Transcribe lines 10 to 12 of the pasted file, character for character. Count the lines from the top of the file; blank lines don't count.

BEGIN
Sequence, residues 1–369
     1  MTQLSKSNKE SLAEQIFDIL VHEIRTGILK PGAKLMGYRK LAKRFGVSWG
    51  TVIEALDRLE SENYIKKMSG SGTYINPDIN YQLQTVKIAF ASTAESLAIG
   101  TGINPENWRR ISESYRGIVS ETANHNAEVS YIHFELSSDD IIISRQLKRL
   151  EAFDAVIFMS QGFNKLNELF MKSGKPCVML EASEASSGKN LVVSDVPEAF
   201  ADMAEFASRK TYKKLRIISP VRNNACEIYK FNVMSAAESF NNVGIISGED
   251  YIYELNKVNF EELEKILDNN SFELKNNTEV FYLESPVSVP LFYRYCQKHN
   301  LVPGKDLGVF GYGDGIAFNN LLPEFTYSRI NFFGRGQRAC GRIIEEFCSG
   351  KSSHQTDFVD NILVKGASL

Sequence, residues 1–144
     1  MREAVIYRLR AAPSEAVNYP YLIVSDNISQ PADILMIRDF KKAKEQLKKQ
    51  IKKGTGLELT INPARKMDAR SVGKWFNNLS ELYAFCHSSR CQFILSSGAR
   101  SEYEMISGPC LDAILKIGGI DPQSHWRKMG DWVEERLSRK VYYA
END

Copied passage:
Sequence, residues 1–144
     1  MREAVIYRLR AAPSEAVNYP YLIVSDNISQ PADILMIRDF KKAKEQLKKQ
    51  IKKGTGLELT INPARKMDAR SVGKWFNNLS ELYAFCHSSR CQFILSSGAR